Competition Problem 180
There are two parts to this problem, A and B.
How do East-West defeat South's contract of six diamonds?
Successful solvers: Ed Lawhon, Steve McVea, Sebastian Nowacki, Rajeswar Tewari, Xiao Tiannan. Some solvers missed the correct play in Part B.
A passive lead is no good. For example, suppose west leads the ♦7. After four rounds of diamonds, North playing low, we have
The next diamond brings pressure to bear on West.
1. A spade discard allows South to take the club finesse and at some point lead a low spade from hand. Whether West plays the ♠6 or the ♠Q, declarer gets two spade tricks.
2. A heart discard allows North to lead a spade to the ♠10 and ♠Q. South wins the major suit return and then the ♦9, North discard a spade or club, triple-squeezes East: a major suit discard is immediately fatal, whereas a club discard gives rise to a second squeeze when the club winners are taken.
3. A club discard brings East under pressure:
(a) On a spade discard North can lead any spade to set up a second trick in the suit.
(b) On a heart discard declarer can win two club tricks, ending in either hand. If North is on lead the ♠J is covered by the ♠K and South can either duck or win with the ♠A, West becoming squeezed by the last diamond (possibly ruffing Eastís club winner) in either case. If South is on lead a low spade to the ♠J and ♠K has the same effect.
(c) On a club discard, two club tricks bring both defenders down to three cards in each major suit. If necessary, South comes to hand on the ♥K and then the last diamond, North discarding a spade, forces at lest one defender to discard a spade. If it is West (or both), South then leads a low spade to guarantee two tricks in the suit; if it is East, North is entered on the ♥A to lead the ♠J.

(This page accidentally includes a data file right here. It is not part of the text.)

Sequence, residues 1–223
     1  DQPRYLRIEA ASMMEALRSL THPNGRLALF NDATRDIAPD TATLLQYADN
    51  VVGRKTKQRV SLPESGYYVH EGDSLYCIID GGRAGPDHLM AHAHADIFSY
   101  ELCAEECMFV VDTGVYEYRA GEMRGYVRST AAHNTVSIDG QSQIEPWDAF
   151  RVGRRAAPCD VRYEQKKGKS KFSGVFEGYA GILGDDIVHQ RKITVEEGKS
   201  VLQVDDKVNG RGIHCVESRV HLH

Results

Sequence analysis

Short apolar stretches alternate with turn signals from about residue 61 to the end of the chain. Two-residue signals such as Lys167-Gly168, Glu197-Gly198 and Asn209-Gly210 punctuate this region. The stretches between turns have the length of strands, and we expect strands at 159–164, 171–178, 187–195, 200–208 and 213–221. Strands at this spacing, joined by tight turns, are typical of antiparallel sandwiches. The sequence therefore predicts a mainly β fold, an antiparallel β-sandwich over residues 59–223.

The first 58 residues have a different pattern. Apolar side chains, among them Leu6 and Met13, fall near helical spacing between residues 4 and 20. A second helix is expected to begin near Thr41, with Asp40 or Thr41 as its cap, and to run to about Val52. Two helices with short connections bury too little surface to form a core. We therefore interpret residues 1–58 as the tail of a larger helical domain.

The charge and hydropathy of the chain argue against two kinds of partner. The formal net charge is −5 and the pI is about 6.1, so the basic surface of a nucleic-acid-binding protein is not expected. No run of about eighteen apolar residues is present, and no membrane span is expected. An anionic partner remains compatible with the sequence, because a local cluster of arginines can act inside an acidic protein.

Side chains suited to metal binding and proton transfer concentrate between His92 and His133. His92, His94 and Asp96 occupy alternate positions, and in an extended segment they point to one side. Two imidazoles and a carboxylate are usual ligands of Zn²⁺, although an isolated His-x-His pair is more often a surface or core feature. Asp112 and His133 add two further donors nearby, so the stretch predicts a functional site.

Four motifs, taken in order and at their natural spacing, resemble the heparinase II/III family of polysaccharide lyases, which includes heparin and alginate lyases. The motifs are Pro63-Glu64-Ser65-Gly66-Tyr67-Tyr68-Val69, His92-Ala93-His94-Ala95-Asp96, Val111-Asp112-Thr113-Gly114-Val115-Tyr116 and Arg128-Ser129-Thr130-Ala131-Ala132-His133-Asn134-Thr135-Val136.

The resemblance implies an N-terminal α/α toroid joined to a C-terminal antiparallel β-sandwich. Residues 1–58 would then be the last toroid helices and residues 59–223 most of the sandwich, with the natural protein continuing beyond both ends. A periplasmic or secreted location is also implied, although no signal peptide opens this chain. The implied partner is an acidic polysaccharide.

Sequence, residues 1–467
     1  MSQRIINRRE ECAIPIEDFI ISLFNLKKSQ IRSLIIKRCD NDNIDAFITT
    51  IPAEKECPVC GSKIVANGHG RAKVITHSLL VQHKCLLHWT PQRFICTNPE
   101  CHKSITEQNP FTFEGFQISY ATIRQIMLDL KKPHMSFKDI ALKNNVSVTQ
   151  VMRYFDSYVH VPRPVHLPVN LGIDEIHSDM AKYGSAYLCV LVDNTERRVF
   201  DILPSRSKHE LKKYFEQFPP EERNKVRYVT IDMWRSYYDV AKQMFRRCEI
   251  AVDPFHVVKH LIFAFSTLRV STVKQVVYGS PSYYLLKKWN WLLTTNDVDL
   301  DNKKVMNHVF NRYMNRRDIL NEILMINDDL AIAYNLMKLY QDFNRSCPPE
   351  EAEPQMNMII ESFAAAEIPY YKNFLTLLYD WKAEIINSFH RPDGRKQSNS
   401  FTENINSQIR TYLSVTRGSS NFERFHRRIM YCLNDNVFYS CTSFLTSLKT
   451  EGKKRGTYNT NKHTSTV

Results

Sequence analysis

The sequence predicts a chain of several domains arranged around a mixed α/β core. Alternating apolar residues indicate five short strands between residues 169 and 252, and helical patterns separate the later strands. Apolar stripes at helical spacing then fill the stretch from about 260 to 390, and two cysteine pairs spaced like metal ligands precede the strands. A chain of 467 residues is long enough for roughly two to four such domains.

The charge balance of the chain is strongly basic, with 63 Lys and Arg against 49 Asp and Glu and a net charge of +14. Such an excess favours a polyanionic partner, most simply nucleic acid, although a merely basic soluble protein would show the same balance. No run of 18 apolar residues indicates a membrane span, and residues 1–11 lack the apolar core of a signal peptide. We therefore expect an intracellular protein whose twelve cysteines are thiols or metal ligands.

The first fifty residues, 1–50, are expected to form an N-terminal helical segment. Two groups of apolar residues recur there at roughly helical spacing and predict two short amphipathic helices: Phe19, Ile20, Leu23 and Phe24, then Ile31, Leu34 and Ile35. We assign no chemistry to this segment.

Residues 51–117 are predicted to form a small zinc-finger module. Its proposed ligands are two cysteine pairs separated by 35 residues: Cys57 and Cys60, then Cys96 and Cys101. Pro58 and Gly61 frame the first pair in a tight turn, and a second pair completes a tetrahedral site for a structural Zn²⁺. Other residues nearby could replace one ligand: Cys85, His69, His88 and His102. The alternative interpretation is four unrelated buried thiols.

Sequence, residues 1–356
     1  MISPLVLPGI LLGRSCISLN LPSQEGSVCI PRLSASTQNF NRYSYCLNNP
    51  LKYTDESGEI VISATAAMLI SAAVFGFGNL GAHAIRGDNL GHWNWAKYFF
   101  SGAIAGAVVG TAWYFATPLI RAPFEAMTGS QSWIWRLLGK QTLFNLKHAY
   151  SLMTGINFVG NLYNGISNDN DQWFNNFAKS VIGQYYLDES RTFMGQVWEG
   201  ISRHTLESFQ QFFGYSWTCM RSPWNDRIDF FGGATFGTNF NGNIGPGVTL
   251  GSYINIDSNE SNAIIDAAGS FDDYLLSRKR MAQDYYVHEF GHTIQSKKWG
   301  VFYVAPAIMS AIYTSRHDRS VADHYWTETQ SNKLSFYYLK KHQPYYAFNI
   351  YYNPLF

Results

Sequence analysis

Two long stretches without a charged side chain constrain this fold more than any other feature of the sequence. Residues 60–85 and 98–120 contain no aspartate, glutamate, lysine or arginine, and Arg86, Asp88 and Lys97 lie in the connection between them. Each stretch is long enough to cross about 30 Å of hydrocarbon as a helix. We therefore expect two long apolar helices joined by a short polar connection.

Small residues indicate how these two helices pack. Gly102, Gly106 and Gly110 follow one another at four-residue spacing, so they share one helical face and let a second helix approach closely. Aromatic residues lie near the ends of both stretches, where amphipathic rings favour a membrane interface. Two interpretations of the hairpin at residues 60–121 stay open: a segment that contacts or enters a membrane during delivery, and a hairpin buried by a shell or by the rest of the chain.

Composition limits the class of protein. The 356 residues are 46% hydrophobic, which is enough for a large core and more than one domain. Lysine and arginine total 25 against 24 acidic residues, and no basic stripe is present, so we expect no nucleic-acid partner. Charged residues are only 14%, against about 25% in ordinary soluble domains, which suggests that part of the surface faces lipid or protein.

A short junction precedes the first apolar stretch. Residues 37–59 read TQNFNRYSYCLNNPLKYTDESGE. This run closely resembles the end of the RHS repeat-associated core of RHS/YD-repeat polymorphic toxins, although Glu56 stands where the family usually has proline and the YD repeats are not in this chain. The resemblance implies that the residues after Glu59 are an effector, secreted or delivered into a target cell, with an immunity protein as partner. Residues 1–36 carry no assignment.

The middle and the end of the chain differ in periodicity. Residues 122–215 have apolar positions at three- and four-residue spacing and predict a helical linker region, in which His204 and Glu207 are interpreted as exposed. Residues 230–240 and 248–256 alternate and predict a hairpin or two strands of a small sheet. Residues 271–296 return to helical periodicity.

To defeat the contract, West must lead the ♥Q. Declarerís best plan is to win and follow the above line. West must not discard a club! Contrariwise, East must discard nothing but clubs. In fact, both defenders must keep three spades and two hearts in this ending.
On the next diamond West must throw a heart, East another club.
4. If North now leads the ♣10, East plays low to deny North a re-entry in that suit. There is no longer any play for the contract.
5. If North tries the ♠J, East plays low! West returns a heart and North cannot now take both black suit finesses.
The minor changes in the second layout cause this defence to fail, as we shall now see.
cards have been swapped: the ♣J and ♣10 and the ♥8
Declarer and defenders play as in the first layout, leading to this position with North on lead:
This time, when North leads the ♠J East must cover. South wins with the ♠A and plays the last diamond. West does best to discard a heart, East a club, but a heart to the ♥A finally wrings a club from West and now the ♣A and ♣Q squeeze East. Southís ♠7 threatens to win the last trick, via a spade to Westís ♠Q, if East discards a spade.
Note that if West discards a club on the fifth diamond, keeping the ♥6 in place of the ♣2 in the above ending, then declarer plays as in variation 3(c) given for layout A.
Hugh Darwen, 2020